In language studies designed for government professionals and military personnel (Ahmed, 2015; Harless et al., 1999; Holland et al., 1999), competency tests are standard, as assessments in reading, listening, and speaking are performed during and at the conclusion of language courses. Not only is technology used throughout the instruction of the course, all final testing for reading and listening proficiency testing is performed in a laboratory setting with the use of computer terminals and audio-visual devices (Ahmed, 2015; Harless et al., 1999, Holland et al., 1999). This principle of consequences of instruction from behaviorism models Dick and Carey (1968) and ADDIE (1975) were represented in Arabic education studies in additional to goals for instruction and outcomes as a result of instruction.

Instructional Design Principles from the Cognitivist/Constructivist Models

The cognitivist and constructivist models, Morrison, Ross, and Kemp (2007) and ASSURE (1996), were incorporated in Arabic education studies, specifically related to identifying instructional needs and learner assessments, strategies for student-centric technology integration, and performance assessments. Studies identified the instructional problem related to identifying the needs of the student (Ahmed, 2015; Almansour, 2019; Arrabtah & Nusour, 2012; Hammad, 2019, needs of the institution (Ahmed, 2015; Al-Busaidi et al., 2016; Al Musawi et al., 2016), and the collective Arabic language learning community (Attia, 2011; Fassetta et al., 2017; Harless, et al., 1999; Haley & Ferro, 2011). In 20% of the studies, specific standards needed for language learners to achieve were known prior to designing the language learning materials (Al-Busaidi, 2016; Ahmed, 2015; Arrabtah & Nusour, 2012; Harless et al., 1999; Holland et al., 1999). Arrabtah and Nusour (2012) specifically mentioned that the purpose of their study was to compare students’ achievement in Arabic grammar using a new instructional method integrating technology with the more traditional strategy of teaching Arabic grammar so as to assess its effectiveness on learner achievement (p. 336).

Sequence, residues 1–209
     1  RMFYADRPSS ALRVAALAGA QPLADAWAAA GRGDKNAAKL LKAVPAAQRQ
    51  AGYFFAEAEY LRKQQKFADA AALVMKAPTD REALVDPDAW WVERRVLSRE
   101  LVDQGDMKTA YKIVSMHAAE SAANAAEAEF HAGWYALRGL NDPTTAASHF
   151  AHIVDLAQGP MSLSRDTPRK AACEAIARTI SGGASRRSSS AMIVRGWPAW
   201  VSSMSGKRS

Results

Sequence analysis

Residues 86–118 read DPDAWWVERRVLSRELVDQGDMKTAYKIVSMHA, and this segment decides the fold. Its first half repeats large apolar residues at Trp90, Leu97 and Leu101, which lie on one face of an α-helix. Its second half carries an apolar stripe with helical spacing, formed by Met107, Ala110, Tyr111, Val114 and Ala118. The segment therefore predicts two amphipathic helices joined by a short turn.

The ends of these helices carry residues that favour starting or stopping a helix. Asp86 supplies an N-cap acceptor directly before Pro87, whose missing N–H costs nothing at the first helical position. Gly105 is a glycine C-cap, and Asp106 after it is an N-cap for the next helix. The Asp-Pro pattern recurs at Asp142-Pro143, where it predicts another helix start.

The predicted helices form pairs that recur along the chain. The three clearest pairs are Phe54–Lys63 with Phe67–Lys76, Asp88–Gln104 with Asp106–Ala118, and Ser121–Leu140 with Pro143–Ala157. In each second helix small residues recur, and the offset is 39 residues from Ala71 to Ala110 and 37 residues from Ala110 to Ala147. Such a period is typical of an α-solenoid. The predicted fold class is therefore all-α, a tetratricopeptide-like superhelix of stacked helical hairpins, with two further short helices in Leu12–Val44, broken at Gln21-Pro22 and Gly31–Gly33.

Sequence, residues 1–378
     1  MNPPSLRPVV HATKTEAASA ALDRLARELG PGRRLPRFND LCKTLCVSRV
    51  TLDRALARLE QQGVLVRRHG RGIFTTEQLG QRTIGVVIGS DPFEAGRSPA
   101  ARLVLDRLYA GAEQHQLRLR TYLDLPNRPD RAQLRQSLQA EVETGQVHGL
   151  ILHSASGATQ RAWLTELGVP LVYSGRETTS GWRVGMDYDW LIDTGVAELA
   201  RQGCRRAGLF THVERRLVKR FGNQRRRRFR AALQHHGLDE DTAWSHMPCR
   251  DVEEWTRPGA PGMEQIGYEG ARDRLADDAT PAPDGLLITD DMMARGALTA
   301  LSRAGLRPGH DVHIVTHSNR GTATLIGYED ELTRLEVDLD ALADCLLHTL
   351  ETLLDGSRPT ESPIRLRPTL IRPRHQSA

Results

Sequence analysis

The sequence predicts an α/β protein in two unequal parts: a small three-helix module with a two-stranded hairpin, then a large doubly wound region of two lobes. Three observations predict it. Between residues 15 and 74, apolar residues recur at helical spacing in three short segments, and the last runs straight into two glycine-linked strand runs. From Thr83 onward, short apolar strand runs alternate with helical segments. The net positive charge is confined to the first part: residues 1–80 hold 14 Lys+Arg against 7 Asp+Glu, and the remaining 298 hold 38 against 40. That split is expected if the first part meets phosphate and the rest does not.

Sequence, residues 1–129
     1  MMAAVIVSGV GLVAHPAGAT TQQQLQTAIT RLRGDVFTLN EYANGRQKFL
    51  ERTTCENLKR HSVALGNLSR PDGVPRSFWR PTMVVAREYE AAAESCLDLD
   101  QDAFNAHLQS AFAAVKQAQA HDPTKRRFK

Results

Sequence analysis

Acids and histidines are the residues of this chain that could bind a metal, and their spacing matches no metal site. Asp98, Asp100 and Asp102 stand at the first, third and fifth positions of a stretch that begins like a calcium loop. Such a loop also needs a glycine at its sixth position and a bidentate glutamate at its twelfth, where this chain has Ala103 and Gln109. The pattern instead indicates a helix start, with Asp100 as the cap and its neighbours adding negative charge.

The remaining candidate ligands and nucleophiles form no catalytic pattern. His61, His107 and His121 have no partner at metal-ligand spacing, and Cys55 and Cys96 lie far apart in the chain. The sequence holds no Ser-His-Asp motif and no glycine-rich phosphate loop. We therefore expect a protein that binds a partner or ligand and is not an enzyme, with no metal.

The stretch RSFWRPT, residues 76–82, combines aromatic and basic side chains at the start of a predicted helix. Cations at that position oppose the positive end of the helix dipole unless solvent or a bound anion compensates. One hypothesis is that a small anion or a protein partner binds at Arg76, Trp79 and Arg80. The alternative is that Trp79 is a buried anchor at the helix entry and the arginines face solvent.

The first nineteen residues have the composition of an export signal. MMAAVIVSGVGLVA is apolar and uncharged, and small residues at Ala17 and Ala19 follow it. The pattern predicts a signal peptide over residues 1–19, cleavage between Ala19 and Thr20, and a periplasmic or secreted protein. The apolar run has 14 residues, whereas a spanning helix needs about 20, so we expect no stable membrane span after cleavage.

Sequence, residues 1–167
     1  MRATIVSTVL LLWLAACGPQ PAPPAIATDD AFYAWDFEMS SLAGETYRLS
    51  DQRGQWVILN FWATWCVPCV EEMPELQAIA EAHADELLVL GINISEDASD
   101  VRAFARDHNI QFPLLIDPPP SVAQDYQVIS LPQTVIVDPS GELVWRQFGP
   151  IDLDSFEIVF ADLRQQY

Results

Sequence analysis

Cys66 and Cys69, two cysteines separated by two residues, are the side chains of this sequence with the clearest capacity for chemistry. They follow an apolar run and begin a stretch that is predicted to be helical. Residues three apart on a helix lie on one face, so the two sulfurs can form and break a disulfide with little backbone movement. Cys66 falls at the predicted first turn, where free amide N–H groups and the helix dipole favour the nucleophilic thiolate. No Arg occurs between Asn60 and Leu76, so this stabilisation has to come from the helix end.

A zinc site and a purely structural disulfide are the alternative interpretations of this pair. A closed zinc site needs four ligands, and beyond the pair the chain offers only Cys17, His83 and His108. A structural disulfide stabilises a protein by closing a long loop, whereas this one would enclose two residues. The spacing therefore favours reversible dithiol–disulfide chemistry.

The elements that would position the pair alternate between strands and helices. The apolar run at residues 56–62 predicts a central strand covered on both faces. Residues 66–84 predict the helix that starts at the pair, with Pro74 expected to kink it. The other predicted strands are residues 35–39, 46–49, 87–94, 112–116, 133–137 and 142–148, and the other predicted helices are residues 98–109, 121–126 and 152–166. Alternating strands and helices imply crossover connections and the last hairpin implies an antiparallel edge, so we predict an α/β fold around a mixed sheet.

Closely related to the instructional design principle of a need’s assessment is being aware of learner characteristics. In 68% of the studies learner characteristics such as academic level (Ahmed, 205; Al Anshory, 2019; Al-Busaidi, 2016; Al Musawi, 2016), government professional characteristics (Ahmed, 2015; Harless et al., 1999; Holland et al., 1999), culturally diverse learners (Sulaiman, 2015; Hammad, 2019; Omari, 2015), and adult learners (Ahmed, 2015; Al Anshory, 2019; Alhirtani, 2020; Arrabtah & Nusour, 2012; Attia, 2011; Blake & Shiri, 2012; Bush & Brown, 2004; Fassetta et al., 2017; Hammad, 2018; Harless et al., 1999; Holland et al., 1999; Mosa & Kakehi, 2015; Omari, 2015; Osman & Hamzah, 2017) were discussed. Knowing learner characteristics was especially important because, “by being sensitive and alert to the characteristics of special groups of learners, a designer can plan programs especially effective for them” (Morrison et al., 2007, p. 61). Attia (2011) touches on this concern as the teacher participants were concerned with using strategies to address exactly what their Arabic students needed to accomplish in their classes (p. 114; 140; 164).